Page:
Tirana, February 4, 2014/Balkan Independent News Agency
At the beginning of ‘90s, when Albania came out of dictatorship and joined the democratic world, one of the few things that it could be happy with, in contrast to Europe which is known as the old continent, was that it had the youngest population, with an average of 26-28 years old.
But, in the recent years, Albania is aging faster than other European countries.
Open Data Albania has conducted a research in relation to the average age of the population in the country and has analyzed the aging trend of this age, by making comparisons with other countries of Europe.
The analyses has spread over a period of 20 years based on the data of the three recent censuses. The data relating to European countries have been obtained by Eurostat.
Aranita Brahaj, directress of Open Data Albania says that in 2011, based on the Census indicators, Albania had an average age of 36.3 years old, while the European average is 41.2 years old.
In 2001, Albania had an average age of 30.6 years old and from 2001 to 2011 the population has aged on an average of 4.7 years. In the EU, the average aging during this decade was 2.9 years. Albania has aged faster during this decade. This indicator ranks it as the fastest aging country in Europe after Lithuania.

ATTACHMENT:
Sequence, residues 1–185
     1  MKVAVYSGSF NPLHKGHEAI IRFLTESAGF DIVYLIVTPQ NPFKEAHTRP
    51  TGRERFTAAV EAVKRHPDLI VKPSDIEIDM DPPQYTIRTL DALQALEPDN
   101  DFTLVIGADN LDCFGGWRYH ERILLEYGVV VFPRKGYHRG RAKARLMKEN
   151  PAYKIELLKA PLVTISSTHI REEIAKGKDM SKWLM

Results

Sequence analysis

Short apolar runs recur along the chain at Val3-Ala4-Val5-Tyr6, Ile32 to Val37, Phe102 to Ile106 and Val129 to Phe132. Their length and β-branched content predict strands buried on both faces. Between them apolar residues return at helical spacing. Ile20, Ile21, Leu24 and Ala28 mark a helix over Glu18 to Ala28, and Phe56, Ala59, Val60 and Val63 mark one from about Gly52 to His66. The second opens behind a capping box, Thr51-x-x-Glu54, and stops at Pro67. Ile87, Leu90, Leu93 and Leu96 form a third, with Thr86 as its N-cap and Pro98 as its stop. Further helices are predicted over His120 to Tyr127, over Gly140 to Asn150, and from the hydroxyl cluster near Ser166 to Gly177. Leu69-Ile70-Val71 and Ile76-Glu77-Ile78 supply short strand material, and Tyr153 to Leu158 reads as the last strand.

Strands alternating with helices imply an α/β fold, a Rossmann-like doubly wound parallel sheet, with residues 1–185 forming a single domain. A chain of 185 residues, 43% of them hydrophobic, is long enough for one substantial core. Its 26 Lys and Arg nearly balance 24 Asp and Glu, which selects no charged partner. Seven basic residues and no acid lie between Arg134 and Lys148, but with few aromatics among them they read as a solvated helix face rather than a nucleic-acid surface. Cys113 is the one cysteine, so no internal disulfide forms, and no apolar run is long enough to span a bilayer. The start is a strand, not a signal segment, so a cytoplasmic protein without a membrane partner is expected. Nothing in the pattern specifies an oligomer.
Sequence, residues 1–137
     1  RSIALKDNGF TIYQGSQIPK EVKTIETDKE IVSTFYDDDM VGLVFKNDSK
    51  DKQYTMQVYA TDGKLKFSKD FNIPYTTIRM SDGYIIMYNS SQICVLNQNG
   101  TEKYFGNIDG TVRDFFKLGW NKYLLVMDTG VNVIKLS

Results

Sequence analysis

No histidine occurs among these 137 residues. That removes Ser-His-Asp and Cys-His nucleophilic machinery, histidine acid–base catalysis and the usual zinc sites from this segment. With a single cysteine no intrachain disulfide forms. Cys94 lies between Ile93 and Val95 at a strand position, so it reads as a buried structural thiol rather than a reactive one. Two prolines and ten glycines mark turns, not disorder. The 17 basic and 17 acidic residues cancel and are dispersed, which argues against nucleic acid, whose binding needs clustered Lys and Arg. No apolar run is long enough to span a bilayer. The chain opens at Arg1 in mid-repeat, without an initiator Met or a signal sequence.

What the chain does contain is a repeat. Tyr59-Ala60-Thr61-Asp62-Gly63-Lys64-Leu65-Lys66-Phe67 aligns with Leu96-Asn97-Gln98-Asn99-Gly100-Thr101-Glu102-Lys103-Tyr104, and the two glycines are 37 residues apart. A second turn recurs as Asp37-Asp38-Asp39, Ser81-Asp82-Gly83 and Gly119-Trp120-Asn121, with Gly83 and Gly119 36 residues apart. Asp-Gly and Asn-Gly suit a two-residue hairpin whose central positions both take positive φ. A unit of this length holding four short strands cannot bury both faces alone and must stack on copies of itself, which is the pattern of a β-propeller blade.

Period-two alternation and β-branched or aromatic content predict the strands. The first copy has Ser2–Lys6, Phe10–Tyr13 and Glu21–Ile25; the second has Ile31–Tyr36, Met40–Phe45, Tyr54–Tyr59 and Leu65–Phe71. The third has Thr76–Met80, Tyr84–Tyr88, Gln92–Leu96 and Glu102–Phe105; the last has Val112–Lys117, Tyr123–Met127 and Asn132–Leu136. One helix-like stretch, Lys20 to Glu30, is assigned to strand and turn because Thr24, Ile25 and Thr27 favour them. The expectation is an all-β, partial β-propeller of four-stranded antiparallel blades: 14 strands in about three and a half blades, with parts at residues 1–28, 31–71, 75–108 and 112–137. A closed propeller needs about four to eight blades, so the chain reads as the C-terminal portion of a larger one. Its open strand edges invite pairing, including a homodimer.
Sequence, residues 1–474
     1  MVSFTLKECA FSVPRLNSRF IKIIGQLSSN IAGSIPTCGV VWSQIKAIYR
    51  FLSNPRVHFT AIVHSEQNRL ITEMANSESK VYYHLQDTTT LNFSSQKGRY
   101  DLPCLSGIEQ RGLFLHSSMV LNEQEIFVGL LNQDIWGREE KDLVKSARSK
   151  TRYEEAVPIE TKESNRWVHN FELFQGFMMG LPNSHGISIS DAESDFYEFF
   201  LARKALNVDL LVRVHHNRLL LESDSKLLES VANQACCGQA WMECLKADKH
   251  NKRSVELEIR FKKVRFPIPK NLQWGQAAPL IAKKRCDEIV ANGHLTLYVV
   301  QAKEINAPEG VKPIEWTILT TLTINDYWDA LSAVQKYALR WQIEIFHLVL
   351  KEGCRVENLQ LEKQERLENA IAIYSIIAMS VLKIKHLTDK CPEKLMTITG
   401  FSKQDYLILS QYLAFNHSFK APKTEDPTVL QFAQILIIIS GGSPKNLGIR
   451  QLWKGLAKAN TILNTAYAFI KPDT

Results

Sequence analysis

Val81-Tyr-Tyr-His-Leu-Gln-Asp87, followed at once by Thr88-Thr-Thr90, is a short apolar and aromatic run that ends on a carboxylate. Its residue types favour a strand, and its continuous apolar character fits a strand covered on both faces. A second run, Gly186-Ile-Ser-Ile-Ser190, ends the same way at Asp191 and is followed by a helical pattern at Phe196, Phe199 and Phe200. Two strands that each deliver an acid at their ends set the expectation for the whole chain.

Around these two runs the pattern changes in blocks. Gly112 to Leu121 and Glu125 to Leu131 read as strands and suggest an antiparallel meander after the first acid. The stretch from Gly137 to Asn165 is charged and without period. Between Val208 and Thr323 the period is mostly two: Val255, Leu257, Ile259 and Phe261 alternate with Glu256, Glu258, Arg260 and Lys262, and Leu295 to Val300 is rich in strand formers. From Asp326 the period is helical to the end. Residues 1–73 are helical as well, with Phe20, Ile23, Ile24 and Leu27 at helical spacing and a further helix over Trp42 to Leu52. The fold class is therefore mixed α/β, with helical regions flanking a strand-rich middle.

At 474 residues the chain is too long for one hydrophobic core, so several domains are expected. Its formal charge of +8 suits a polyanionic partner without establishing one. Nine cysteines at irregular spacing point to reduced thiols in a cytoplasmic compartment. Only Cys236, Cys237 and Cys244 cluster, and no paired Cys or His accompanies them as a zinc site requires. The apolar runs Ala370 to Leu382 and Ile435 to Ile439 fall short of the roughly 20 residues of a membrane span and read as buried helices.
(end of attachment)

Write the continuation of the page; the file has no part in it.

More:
If the national age average is 35.3 years old, some prefectures offer a higher age average. Namely, Gjirokastra (an average of 39.69 years old), Korca, Berat and Vlora with an average age of 35.3 years old.
The average age of population in Tirana is 34.5 years old and in Durres, 34.6 years old.
Aging of population in the last decade relates to the number of low births and massive migration of young ages. Even average life expectancy plays a key role. “High birth rate in Diber and Kukes has managed to keep population relatively young in spite of massive migration”, says Mrs. Brahaj.
Figures over the aging rate of the population offer information over the need of social and economic policies to minimize negative effects that aging has on the population of a country.
Namely, the reform demanded for pension schemes and the fact that there’s not enough employment for young people, indicate the growing aging trend of the population in the country. /ibna/